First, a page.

The afternoon kicked off with another GTD Summit panel. This time, the conversation centered around whether or not GTD
Panelists: Todd Brown, Randy Harward, Jeff Irby, Ron Kaufman, Sara Larch, Brian Lowery, Eric Ly
Moderator: Mike WIlliams
Todd - No...there is not a standard. Not seeing GTD skills on resumes yet. This is very important, however, due to globalization and the economic crisis we are seeing right now. A lot of distractions in life (Twitter, Facebook, etc.). Are these adding value. Imagining nirvana...ability to keep head clear, etc., but wider organizational effect would be seeing people demanding more of management. What are organizational goals? Generate and communicate vision for company. Help facilitate succession planning. A great gift we can give to people.
Jeff - The standard I'm worried about is burnout, ping pong e-mail, pushing paper around, etc. Just chaos around how people work. Struggling with how to stealthfully implement GTD across the organization. The people who say they can't do it and can't be pinned down are the ones who need it most. As a manager, injecting the ideas into the organizational rules. The weekly review and projects are being subtly attacked via management direction.
Brian - What really sticks? Meeting prep worksheet. How can the best version of yourself show up at the meeting? What is purpose of the meeting? What is action that should come out of it? "Why does this simple worksheet stick?" Answer from client: "Because it forces me to think". Force a conversation around areas of focus by having 1 on 1 sessions with employees.
Eric - I'm an engineer and entrepreneur. One of co-founders of LinkedIn. Working on new company. Coming at GTD from a technical point of view. Very interested in building and creating products. Organization is just as important as building the product itself, because it effects the outcome of the product and success of its innovation.
Randy - Main job as manager and leader is to manage systems those people work in. Need to spend more time to teach them tools & techniques like GTD. These tools are removing coercion from workforce. Going to look for someone that is systemic in their thinking when looking for leaders.
(Side note: Very interesting to see all the panelists capturing thoughts and ideas from their fellow co-presenters. Stimulating thoughts all around).
Sara - In interviews, asking people to describe how they manage projects, how they work. A different approach. Looking for diversity and successful "day-to-day survival skills". Very humbling to be doing things the way I've always done at a new place. When you are in a new organization, think about how fragile you feel and keep this in mind when you bring new people in. This is a great chance to teach them the tools and concepts (how we do meetings, etc.). Give yourself permission to change if necessary.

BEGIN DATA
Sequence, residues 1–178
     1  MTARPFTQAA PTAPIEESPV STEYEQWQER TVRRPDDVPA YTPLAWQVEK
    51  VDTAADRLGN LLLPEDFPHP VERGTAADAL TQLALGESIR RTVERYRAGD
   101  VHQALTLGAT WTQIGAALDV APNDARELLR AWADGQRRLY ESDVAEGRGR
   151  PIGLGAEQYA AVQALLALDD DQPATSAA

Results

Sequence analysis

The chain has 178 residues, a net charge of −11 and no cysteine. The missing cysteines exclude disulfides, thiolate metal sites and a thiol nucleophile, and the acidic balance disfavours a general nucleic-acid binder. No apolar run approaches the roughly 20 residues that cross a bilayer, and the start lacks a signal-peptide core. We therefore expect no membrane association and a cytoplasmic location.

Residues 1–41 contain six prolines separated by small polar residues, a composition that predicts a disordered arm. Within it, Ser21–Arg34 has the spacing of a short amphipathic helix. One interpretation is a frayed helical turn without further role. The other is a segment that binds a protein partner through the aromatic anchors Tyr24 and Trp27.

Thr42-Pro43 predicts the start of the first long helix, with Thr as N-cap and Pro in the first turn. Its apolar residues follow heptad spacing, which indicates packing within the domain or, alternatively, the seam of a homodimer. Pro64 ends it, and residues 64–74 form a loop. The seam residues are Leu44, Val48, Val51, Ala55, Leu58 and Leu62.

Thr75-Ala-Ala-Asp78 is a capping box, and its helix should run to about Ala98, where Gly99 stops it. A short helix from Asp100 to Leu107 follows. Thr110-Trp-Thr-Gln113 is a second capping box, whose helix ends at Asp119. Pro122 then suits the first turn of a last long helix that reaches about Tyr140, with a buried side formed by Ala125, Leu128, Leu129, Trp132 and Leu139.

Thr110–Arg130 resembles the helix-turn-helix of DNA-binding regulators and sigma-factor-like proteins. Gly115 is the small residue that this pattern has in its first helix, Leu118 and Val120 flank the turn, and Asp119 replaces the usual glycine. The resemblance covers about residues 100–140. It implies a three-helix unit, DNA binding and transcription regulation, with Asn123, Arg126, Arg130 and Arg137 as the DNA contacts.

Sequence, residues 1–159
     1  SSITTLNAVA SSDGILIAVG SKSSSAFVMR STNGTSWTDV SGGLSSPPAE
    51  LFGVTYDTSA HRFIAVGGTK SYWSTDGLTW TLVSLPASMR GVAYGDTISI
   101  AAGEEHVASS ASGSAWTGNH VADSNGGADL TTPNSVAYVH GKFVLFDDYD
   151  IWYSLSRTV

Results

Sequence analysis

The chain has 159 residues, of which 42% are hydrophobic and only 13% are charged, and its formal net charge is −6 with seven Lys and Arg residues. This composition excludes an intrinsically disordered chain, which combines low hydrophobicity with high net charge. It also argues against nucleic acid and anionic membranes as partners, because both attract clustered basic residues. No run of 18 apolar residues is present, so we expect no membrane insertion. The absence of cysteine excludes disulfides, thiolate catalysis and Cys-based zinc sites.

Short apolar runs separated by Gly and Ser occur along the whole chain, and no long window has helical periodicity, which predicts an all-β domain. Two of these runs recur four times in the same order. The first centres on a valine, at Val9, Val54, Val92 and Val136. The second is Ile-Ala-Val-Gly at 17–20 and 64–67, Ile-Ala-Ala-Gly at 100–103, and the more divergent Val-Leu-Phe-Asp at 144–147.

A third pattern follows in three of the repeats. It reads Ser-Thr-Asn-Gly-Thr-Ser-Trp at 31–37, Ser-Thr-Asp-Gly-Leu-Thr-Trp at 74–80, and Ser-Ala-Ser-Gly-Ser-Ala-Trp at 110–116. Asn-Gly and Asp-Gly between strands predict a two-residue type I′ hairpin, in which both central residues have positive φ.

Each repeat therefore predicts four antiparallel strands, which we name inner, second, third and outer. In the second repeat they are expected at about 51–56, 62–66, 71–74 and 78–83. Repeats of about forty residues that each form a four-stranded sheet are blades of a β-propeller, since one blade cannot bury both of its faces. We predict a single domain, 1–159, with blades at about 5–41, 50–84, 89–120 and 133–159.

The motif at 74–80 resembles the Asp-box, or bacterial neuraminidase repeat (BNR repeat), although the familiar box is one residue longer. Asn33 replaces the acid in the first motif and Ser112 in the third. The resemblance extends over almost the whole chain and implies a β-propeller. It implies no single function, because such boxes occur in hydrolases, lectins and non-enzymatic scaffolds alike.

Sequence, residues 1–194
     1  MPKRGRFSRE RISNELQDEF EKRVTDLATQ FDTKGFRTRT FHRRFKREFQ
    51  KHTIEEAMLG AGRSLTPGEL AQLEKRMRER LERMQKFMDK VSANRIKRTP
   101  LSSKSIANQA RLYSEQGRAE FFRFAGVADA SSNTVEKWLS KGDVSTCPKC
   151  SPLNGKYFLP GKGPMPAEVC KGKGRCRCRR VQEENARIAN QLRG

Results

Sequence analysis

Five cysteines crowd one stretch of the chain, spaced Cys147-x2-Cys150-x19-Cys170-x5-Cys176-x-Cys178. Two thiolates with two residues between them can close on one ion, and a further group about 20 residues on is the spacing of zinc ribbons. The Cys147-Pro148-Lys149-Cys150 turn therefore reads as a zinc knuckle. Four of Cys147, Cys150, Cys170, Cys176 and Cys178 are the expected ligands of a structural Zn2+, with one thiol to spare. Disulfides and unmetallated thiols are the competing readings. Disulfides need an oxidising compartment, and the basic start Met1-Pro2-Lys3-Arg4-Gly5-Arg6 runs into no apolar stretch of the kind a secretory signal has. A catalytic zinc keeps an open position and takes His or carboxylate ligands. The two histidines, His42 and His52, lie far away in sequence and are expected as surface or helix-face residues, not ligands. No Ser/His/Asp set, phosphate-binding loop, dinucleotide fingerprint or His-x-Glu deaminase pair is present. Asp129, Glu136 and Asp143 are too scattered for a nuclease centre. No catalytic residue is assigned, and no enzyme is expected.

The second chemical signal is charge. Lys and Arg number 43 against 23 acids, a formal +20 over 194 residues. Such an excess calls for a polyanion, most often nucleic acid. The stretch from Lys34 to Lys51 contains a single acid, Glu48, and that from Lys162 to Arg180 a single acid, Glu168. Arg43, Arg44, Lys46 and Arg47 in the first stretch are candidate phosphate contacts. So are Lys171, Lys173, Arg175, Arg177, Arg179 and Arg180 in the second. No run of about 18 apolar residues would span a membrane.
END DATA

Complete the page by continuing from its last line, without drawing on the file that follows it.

(Another side note: Amazing that all of these black-belt GTD individuals all admit to falling off the wagon. The beauty of GTD is being able to get back on the wagon quickly.)
Ron - GTD started out as a very personal thing. Looking forward to seeing how we bring this up to the next level...getting things done together.
How do we fight cultural resistance? Jeff - How do you eat an elephant? One bite at a time. Just work on focusing on the area of influence you have and the things you can touch. Todd - Stop doing what you are doing and do new things.
Interested in any case studies that measure impact of GTD in an organizations. Are there any? Love to see some set of models or tool. If not, what would be required? Eric - The standard doesn't exist yet. Used informally on an org level so far. One of the important elements is to create a framework that all organizations can sign up to. Each org has unique measurements. Have initial common set, by organization has to sign up to creating their own measurements to get true by in. Randy - Kind of weary of standard measurement practices. May be measuring things off target.
It seems like we need to implement GTD from the top in order for it to work. What do you think? Randy and Sara both agree it has to be more viral. Start with small groups and work to get consensus among members that you can be successful. Need 3% of the organization to embrace for it to get enough visibility, then it will either be accepted into culture or rejected.